The middle school years are peak years for initiation of alcohol and marijuana (Johnston et al., 2004). Unfortunately, most youth who engage in substance use and experience problems are unlikely to voluntarily make use of formal prevention services (D'Amico, 2005;Johnson et al., 2001;Wu et al., 2003). A small body of recent research suggests that youth may benefit from less formal programs that are brief, voluntary, and easily accessible (Brown, 2001;Brown et al., 2005;D'Amico et al., 2004;D'Amico &Orlando, 2005). However, very few intervention programs of this type have been developed (Little and Harris, 2003). Thus, while this approach shows promise, the impact of intervention programs that younger teens may choose to attend has not been extensively examined. One such intervention, Project CHOICE, was developed and tested by the PI using NIAAA funding for developmental work (R21AA13284-01). Project CHOICE is the only voluntary intervention that has been tested for middle school youth and our small quasi-experimental study has demonstrated its efficacy in one school setting (D'Amico et al., 2005;D'Amico &Orlando, 2005). The Project CHOICE intervention addresses several critical gaps in the field, including beginning to understand voluntary service utilization among this age group and assessing how this type of program may impact school-wide use of alcohol and other drugs (AOD). The main objective of the proposed 5-year longitudinal study is to build on our initial work by conducting a more rigorous test of Project CHOICE. The study will include 16 middle schools, located in the ethnically diverse Southern California cities of Los Angeles, Santa Monica, and Torrance. These schools will be randomly assigned as intervention (n= 8) or control (n = 8). We will first examine individual-level effects by testing whether Project CHOICE affects AOD-related outcomes among students who participate in the intervention. We will then examine school-level effects by testing whether AOD rates among all students in the intervention schools are affected, regardless of participation. We assume that these school-level effects will be due to changes in the school environment (e.g., Project CHOICE advertising, discussion of Project CHOICE among students, changes in social norms). In anticipation of this school-level impact, a secondary objective of this study is to gain a better understanding of who participates in Project CHOICE, as well as how these participants and changes in the school environment may influence the attitudes and behaviors of those who do not participate. This research incorporates a novel methodology for AOD involvement, as it emphasizes personal self-change efforts and natural recovery and is appealing to both using and non-using youth. The work proposed in this application represents the important next step in this line of research: to more critically evaluate Project CHOICE and its potential impact on both school-wide and individual outcomes with a larger population of youth.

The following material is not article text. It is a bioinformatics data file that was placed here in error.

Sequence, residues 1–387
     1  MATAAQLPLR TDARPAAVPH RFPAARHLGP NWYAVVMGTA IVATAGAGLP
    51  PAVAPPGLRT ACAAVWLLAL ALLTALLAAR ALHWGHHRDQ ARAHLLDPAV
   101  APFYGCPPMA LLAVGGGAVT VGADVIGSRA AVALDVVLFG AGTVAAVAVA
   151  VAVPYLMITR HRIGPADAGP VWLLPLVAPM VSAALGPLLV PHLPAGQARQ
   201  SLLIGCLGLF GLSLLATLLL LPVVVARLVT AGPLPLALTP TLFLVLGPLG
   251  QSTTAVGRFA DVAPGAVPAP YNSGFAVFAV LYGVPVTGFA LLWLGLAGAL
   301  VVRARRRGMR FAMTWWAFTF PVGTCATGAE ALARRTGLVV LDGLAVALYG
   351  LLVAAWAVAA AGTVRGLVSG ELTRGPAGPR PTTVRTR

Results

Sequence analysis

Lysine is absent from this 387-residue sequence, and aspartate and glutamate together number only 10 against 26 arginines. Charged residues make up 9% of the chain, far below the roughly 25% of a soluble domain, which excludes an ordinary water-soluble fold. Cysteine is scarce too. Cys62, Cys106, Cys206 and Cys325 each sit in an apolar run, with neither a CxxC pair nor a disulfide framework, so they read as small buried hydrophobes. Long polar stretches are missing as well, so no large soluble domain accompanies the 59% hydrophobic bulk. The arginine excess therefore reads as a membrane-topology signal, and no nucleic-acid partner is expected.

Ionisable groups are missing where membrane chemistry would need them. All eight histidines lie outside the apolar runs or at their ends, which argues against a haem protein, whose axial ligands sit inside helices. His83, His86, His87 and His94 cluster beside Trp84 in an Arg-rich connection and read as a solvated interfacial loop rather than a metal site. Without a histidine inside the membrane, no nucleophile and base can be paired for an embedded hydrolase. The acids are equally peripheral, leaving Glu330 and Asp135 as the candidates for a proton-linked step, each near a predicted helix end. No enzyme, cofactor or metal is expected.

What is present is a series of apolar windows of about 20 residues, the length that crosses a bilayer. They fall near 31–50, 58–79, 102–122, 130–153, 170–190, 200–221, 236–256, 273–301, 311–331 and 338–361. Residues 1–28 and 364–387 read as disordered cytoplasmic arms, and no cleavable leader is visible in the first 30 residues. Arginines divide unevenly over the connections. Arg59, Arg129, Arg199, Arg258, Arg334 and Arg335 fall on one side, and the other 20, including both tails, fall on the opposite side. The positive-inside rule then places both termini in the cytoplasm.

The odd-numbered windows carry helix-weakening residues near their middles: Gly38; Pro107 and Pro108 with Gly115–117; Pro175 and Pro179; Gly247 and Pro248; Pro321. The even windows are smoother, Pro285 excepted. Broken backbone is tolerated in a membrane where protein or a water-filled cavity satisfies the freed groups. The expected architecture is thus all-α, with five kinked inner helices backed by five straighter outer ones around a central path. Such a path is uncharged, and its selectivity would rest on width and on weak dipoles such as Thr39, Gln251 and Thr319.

Agency
National Institute of Health (NIH)
Institute
National Institute on Alcohol Abuse and Alcoholism (NIAAA)
Type
Research Project (R01)
Project #
5R01AA016577-05
Application #
8094420
Study Section
Health Services Research Review Subcommittee (AA)
Program Officer
White, Aaron
Project Start
2007-09-28
Project End
2014-06-30
Budget Start
2011-07-01
Budget End
2014-06-30
Support Year
5
Fiscal Year
2011
Total Cost
$771,614
Indirect Cost
Name
Rand Corporation
Department
Type
DUNS #
006914071
City
Santa Monica
State
CA
Country
United States
Zip Code
90401
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Shih, Regina A; Parast, Layla; Pedersen, Eric R et al. (2017) Individual, peer, and family factor modification of neighborhood-level effects on adolescent alcohol, cigarette, e-cigarette, and marijuana use. Drug Alcohol Depend 180:76-85
D'Amico, Elizabeth J; Tucker, Joan S; Miles, Jeremy N V et al. (2016) Alcohol and marijuana use trajectories in a diverse longitudinal sample of adolescents: examining use patterns from age 11 to 17 years. Addiction 111:1825-35
Tucker, Joan S; Troxel, Wendy M; Ewing, Brett A et al. (2016) Alcohol mixed with energy drinks: Associations with risky drinking and functioning in high school. Drug Alcohol Depend 167:36-41
Mizel, Matthew L; Miles, Jeremy N V; Pedersen, Eric R et al. (2016) To Educate or To Incarcerate: Factors in Disproportionality in School Discipline. Child Youth Serv Rev 70:102-111
Troxel, Wendy M; Tucker, Joan S; Ewing, Brett et al. (2016) Sleepy Teens and Energy Drink Use: Results From an Ethnically Diverse Sample of Youth. Behav Sleep Med :1-14
Ewing, Brett A; Tucker, Joan S; Miles, Jeremy N V et al. (2015) Early Substance Use and Subsequent DUI in Adolescents. Pediatrics 136:868-75
Edelen, Maria Orlando; Tucker, Joan; D'Amico, Elizabeth (2015) Spreading the word: A process evaluation of a voluntary AOD prevention program. Am J Addict 24:315-22
D'Amico, Elizabeth J; Miles, Jeremy N V; Tucker, Joan S (2015) Gateway to curiosity: Medical marijuana ads and intention and use during middle school. Psychol Addict Behav 29:613-9

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